What Is the Difference Between Express and Implied Consent? 

When you receive medical care, healthcare practitioners need your permission to perform most procedures. Permission from a patient is known legally as “consent” – and there are two types of consent involved in healthcare settings.

Express consent is direct and clear, usually taking the form of a signed document or verbal agreement. Implied consent is less clear – usually interpreted through a patient’s actions, such as nodding their head or complying with a doctor’s suggestions. 

You have a right as a patient to know and understand the medical treatment you received. This is especially true regarding your right to bodily privacy and your right to know the risks involved with a procedure.

If you were given treatment without your express or implied consent, a Dallas medical malpractice lawyer can help you obtain financial compensation. 

Express consent is a clear and direct statement agreeing to a particular medical treatment. Express consent is usually given in writing through an authorization form supplied by the provider.

In emergency situations, express consent can also be given verbally by the patient after an explanation of the proposed treatment. 

Express consent is usually required when a procedure is risky or complicated. Procedures that can have long-term effects for the patient also require express consent. Express consent is also known as “informed consent” because a doctor is required to inform the patient about the pros and cons of a treatment before the patient decides. 

Some of the information a medical provider must provide for a patient to make informed consent includes: 

  • A description of the illness or medical condition; 
  • A description of the treatment method they propose; 
  • An overview of how the treatment will be administered and why the doctor believes it is the best treatment method;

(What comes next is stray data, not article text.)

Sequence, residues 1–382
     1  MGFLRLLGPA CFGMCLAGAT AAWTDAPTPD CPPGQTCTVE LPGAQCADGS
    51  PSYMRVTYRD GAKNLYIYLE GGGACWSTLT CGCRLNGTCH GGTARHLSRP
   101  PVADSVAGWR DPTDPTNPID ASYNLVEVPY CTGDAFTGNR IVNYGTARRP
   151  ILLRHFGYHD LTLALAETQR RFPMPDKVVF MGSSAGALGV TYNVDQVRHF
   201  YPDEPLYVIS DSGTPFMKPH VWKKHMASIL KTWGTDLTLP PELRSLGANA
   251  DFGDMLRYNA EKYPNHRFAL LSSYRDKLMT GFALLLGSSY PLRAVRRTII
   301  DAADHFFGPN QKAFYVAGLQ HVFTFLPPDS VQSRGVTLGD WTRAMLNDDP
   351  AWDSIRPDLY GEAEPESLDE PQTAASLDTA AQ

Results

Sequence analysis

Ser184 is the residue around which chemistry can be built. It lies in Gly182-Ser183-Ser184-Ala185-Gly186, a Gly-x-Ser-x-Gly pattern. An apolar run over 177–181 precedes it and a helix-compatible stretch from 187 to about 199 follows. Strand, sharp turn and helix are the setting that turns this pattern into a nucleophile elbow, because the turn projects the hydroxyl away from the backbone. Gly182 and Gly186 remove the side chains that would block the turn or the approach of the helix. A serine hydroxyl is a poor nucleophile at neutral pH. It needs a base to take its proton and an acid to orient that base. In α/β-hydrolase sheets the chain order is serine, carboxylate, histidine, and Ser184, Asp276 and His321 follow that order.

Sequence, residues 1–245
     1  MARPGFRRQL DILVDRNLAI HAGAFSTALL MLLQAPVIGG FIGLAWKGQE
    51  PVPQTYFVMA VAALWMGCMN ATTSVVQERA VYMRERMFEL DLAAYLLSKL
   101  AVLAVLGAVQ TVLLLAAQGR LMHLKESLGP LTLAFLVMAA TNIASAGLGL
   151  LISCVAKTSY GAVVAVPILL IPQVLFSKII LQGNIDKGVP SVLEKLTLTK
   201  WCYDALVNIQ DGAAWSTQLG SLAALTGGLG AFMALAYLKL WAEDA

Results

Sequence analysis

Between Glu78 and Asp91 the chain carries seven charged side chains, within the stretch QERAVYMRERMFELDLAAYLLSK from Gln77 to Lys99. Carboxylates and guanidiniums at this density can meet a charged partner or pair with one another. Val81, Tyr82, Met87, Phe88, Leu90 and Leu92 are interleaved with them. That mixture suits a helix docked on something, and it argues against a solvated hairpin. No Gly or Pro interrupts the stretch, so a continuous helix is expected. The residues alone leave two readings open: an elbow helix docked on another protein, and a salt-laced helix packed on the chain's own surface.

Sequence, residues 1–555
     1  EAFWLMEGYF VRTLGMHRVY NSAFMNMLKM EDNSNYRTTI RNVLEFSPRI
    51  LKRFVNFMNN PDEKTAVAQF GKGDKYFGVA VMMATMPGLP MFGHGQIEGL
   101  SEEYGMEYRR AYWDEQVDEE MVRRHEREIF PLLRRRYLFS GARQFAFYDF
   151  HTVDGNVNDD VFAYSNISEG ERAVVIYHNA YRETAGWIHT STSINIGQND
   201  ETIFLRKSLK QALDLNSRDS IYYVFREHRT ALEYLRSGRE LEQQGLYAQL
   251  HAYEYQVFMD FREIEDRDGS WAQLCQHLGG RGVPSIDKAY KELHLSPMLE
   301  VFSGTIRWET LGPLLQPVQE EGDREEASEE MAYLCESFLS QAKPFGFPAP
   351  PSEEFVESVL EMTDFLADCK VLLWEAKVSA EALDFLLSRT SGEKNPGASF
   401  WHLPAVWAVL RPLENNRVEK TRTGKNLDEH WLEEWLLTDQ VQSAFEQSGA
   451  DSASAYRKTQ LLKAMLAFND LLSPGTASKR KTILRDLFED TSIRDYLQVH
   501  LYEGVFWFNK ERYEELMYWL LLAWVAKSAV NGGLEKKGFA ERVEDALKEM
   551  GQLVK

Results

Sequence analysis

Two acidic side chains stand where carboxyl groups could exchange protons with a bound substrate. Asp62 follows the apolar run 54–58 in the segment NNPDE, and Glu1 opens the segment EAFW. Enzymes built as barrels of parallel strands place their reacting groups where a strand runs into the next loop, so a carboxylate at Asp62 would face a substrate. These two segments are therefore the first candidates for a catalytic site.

• An explanation of the results that are expected from the treatment; 
  • An explanation of the potential side effects or adverse results of the treatment; 
  • Alternative treatments that may be available. 

Having reviewed all of this information, the patient can then provide express consent for medical treatment. 

Unlike express consent, which is given verbally or in writing, implied consent is based on a patient’s actions. If a patient voluntarily attends a check-up with their physician, for example, their act of showing up and entering the exam room indicates consent to treatment.

However, if the doctor then notices something abnormal that requires invasive treatment, they must get express consent from the patient. 

Implied consent also applies to situations when a patient is unconscious, intoxicated, or otherwise unable to communicate their wishes. Medical personnel will then presume they have implied consent to treat the patient and especially to provide life-saving treatment. 

Whereas express consent can usually be shown through written proof, implied consent is more difficult to prove when disputed. 

Every patient has a right to have a say in the medical treatment they receive. A doctor who ignores a patient’s wishes or doesn’t inform them about the pros and cons of a procedure can potentially be held liable in a medical malpractice claim.

Regardless of the form consent takes – express or implied – consent is vital to the patient and to the practice of medicine in general. 

Even express consent can be given improperly if the patient was not fully informed of the nature of their treatment. For example, handing a patient a pamphlet and asking them to sign a medical authorization on the spot might not constitute express consent even if they get the patient’s signature. The facts and circumstances around when – and how – consent was given are key to a patient’s case later on. 

Skilled personal injury lawyers understand a patient’s rights in a healthcare setting. If a provider gives treatment without a patient’s consent, either express or implied, the patient can be entitled to financial compensation in a medical malpractice lawsuit.

Contact Our Medical Malpractice Law Firm in Dallas, TX

If you’ve been injured in an accident in Dallas, Texas, and need legal help, contact our Dallas medical malpractice lawyers at Jay Murray Personal Injury Lawyers to schedule a free consultation today.

Jay Murray Personal Injury Lawyers
2512 State St,
Dallas, TX 75201
(214) 855-1420